Weathered steel-clad self build in Lewes
Building this post-industrial riverside home in East Sussex turned was relatively plain sailing.
This self-build on a post-industrial river just outside of Lewes, which featured on Grand Designs in 2015, turned out to be relatively plain sailing.
As Grand Designs go, this project was without the many dramatic twists and turns that often ensue on the TV programme. Yes, there was a marriage, a birth and a very ambitious nine-month schedule to adhere to, but rather than the typical overrun or overspending, somehow Stephen Yeomans and Anita Findlay practically cruised through their development to construct an exceptional steel-clad home on the edge of Lewes in East Sussex. So what was the secret to their success? Meticulous pre-planning – it was as simple as that.
Starting on the right foot
Working with the right people to produce a high-quality home was at the heart of this project, and it needed to be so: considered locally as something of a gateway to Lewes, it’s set on the edge of the historic town and is practically the first building you’re greeted by as you enter by road. As a result, there was some initial contention in the neighbourhood regarding its progressive design, but with innovative architect Sandy Rendel’s foresight and high standards, coupled with some careful, considerate planning, many of the residents who had concerns about such a prominent new local landmark were won over.
‘I’ve renovated houses before and made the mistake of spending too much time perfecting the design, but not long enough on getting the right tradesmen,’ explains Stephen. ‘For this house I ensured that we had a really good structural engineer and project manager, who in turn recommended the builder and our joiner. It was a very collaborative process, and there seemed to be a real connection and friendship that developed on site.’
Planning makes perfect
This initial planning took six months before work even started on the five-bedroom property in December 2014, but Stephen explains that this was absolutely critical to the success of the project. ‘We had such an amazing builder and he put a really detailed programme together,’ says Stephen. ‘We were originally told the Corten weathered steel would take eight weeks to deliver, but it actually took around 24. Yet instead of overrunning, our builder adapted the schedule to work around this. It was his flexibility and initiative that got us through. Also, getting the right suppliers on board and having a fixed-price contract really paid off.’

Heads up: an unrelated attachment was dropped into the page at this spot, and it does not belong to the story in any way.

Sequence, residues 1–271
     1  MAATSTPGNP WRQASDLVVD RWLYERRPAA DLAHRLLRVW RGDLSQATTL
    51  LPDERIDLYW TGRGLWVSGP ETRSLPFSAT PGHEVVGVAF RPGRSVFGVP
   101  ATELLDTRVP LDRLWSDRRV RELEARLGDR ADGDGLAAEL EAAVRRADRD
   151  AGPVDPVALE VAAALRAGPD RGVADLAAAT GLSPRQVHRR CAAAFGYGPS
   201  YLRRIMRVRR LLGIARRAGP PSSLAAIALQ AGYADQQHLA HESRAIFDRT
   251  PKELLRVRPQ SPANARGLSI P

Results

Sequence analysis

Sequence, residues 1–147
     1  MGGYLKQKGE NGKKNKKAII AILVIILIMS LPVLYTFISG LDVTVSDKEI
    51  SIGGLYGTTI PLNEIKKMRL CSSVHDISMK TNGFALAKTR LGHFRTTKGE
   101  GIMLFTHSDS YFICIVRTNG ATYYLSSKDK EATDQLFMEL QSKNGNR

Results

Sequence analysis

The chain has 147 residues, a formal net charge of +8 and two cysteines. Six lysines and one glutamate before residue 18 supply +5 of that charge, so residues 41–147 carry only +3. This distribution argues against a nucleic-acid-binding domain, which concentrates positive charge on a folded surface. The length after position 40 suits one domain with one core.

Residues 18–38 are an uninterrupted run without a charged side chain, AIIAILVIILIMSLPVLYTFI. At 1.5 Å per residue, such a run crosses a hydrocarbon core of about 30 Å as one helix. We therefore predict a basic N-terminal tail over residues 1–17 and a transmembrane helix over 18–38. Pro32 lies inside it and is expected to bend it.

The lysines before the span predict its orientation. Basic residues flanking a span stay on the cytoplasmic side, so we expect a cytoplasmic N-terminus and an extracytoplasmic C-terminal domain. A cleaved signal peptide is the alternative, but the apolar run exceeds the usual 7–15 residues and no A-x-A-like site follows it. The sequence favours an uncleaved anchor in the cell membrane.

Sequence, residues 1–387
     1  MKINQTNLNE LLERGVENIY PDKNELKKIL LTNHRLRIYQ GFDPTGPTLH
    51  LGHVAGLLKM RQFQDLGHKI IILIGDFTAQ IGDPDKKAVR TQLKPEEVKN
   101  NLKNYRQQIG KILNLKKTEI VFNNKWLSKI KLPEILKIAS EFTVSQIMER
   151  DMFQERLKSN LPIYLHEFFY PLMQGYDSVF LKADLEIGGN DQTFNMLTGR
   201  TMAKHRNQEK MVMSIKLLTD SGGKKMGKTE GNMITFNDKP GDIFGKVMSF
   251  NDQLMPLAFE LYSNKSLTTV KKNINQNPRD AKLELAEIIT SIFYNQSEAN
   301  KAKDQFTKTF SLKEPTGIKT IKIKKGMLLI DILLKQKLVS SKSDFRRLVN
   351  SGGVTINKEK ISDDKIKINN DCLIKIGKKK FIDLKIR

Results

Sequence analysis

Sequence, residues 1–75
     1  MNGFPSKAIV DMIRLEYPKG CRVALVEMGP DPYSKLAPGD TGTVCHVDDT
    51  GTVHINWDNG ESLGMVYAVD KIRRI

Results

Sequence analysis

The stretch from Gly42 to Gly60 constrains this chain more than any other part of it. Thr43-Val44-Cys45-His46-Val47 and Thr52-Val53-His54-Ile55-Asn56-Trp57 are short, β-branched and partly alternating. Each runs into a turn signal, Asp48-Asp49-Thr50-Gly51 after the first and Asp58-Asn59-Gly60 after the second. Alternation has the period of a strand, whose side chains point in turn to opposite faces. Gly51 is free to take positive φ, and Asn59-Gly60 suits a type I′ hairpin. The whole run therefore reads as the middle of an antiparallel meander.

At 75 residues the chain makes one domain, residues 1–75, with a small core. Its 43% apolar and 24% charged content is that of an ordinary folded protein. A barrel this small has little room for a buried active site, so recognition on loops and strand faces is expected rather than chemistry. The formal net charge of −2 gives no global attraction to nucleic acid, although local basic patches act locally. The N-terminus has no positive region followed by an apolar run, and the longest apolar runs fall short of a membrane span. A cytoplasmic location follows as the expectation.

The plot area was tight at only 11 metres wide, therefore Rendel had to make clever use of the space available. To begin with, a Modernist-style design that adhered to the vernacular of the community was conceived by Rendel and Stephen; surprisingly, this was rejected by planning officers for not being bold enough. So this meant that Rendel had free reign to create something more inspiring.
‘Sandy wanted to reference the industrial past of the site, which used to be a quarry, so he deliberately chose materials that had this strong, raw finish, but used them in a very refined way,’ Stephen explains. ‘He wasn’t sure we’d like the board-marked concrete and rusty steel exterior, but I’d seen quite a few buildings clad in Corten when I was living in Holland, and I liked the idea.’
Working very closely with the planners and professional bodies in the area, Stephen and Rendel managed to get them all on board, but when the design was presented to the council it was rejected. ‘Luckily we got it through on appeal, but we found the planning process very frustrating. It was time-consuming and expensive, but the build itself was incredibly smooth by comparison.’
There was also the added pressure of a joyful surprise – Anita and Stephen discovered they were expecting their first child just a month into the construction – which meant the tight deadline became even more important. In March last year, the couple decided to fly to the other side of the world to get married in Anita’s native New Zealand. And in the same month, there was a worry that the project would come to a grinding halt due to financial issues. However, after talking to the building society offering their self-build mortgage, Stephen managed to avert disaster by getting the next instalment paid for earlier than planned.
The only real fly in the ointment throughout the project was the delay of the Corten steel, which was purchased from Spain. This alone cost a substantial £60,000, but when it was finally delivered several weeks late, it was in a jumble and on some parts the mesh pattern didn’t line up. However, the faulty panels were swiftly replaced by the manufacturer without any additional cost, and the builder’s resourcefulness ensured that it didn’t have a disastrous impact on the schedule.
‘Although the Corten was a bit of a nightmare and very expensive, it’s certainly the defining feature of the house. If we’d used timber instead, for example, I don’t think the final result would have been anywhere near as interesting,’ admits Stephen. Anita is inclined to agree, saying: ‘When driving into Lewes or walking the dogs on the opposite side of the river, the Corten just looks so fantastic, especially set against the white cliffs and greenery. We’re just so pleased with it.’
Location Lewes, East Sussex
Project started December 2014
Project finished September 2015
Size of house 257 sqm